Unrealized Dreams and Shattered Expectations

By Niko Tricarico - What if Oscar De La Hoya had pulled out the victory against Felix Trinidad? What if Trinidad had defeated Bernard Hopkins? What if Hopkins had connected with two or three more straight rights hands a round against Joe Calzaghe? Too often the hopes and aspirations we attach to individual fighters are smashed to pieces like a glass jar launched from a sky scraper. It is the individual combined with the brutality and will testing aspects of boxing that make defeats the most devastating in all of sports..

In baseball a loss can be spread over an entire team and that team loss can be spread over an entire season. In tennis the individual aspects of the sport are similar to contemporary pugilistic endeavors, but consider the repercussions for the lackadaisical play of Andy Roddick. He loses, frowns and then goes swimming with Brooklyn Decker.

When a boxer submits a lethargic performance he will get beat up, bloodied, bruised, embarrassed, hurt and most likely hospitalized. Boxing exists as the most visceral and brutal enterprise in modern athletics and is one that does not transcend generations in terms of institutional longevity. So, to propose an allegiance to a fighter is to propose a tentative and fleeting devotion during which time your own dreams of stardom can be vicariously realized. This sentiment is also what makes boxing so frustrating in that individuals who pledge fandom towards fighters are, by the nature of the sport, being set up for great disappointment.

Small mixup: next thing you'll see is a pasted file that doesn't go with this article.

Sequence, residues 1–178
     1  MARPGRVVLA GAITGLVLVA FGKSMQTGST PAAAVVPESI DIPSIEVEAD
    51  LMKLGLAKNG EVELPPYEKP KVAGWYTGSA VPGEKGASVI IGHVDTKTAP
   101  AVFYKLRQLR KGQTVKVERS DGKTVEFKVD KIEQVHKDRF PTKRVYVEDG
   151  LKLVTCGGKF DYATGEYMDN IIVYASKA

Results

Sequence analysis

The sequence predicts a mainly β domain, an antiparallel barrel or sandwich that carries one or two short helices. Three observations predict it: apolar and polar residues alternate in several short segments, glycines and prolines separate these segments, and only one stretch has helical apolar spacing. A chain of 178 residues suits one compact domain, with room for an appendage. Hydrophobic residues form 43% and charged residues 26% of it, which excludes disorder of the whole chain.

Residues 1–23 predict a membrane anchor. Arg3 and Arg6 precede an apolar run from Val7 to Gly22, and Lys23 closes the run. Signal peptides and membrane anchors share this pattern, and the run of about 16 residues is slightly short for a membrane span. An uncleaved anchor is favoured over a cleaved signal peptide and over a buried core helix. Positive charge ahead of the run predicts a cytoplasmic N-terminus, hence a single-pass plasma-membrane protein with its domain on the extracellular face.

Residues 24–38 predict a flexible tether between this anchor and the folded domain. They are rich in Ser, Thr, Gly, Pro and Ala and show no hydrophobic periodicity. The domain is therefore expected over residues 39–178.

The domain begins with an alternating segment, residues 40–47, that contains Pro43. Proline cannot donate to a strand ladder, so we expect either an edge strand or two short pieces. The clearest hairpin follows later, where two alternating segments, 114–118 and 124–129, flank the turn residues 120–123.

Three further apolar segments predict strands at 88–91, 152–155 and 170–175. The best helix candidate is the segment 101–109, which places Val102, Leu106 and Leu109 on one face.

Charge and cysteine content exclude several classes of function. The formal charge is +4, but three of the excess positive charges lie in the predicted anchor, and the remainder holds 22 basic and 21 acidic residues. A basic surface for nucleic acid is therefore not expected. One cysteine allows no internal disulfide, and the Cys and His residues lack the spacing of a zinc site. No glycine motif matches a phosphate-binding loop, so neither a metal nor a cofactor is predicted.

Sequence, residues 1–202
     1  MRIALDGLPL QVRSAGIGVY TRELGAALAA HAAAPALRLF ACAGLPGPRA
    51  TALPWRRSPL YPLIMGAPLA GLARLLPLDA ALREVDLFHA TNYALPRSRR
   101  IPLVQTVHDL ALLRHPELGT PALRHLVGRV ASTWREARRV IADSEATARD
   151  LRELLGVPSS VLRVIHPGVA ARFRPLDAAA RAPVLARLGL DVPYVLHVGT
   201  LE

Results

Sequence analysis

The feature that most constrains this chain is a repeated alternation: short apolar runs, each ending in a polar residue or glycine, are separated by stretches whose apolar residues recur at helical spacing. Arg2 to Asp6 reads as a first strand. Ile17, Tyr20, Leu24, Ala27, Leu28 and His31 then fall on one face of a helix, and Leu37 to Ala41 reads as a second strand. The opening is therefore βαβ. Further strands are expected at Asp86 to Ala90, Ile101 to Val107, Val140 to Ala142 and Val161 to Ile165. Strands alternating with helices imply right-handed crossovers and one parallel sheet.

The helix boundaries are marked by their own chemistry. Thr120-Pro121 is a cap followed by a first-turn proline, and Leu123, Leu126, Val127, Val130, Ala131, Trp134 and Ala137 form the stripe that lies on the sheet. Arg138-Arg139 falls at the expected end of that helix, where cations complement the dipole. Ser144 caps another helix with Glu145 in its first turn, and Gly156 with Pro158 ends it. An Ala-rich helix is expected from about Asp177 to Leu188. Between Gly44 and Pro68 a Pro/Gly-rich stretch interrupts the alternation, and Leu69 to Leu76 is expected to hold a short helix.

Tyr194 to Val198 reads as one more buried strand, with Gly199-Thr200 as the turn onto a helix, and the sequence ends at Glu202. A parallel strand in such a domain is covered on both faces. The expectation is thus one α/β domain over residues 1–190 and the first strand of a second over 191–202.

Disappointment in boxing, however, is not limited to simply losing. There are no fighters in the sport who are without fault and flaw, for even those with an 0 in their lose column are still subject to criticism and doubt. Floyd Mayweather is currently undefeated and at the time he knocked out Ricky Hatton in 2007 there existed a well of contenders in the Welterweight division for him to choose an opponent from.

Antonio Margarito, Paul Williams, Miguel Cotto, Luis Collazo, Carlos Quintana, Andre Berto, Kermit Cintron, Joshua Clottey, and Shane Mosely were all either up and coming or established threats in the sport and Mayweather fought none of them. In fact, for all his boasting and self proclaimed declarations of greatness, “Pretty Boy” Floyd “Money” Mayweather has done little to secure his legacy as a great Welterweight, even though it is the weight class in which he sees himself as the dominant force. In this sense Mayweather supplies his fans and more importantly, true boxing fans, with the greatest let down of all because with the exception of Paul Williams, Floyd Mayweather actually has the ability to defeat any man he faces. Why he is hesitant to prove his critics wrong remains a true mystery.

Article posted on 11.10.2009

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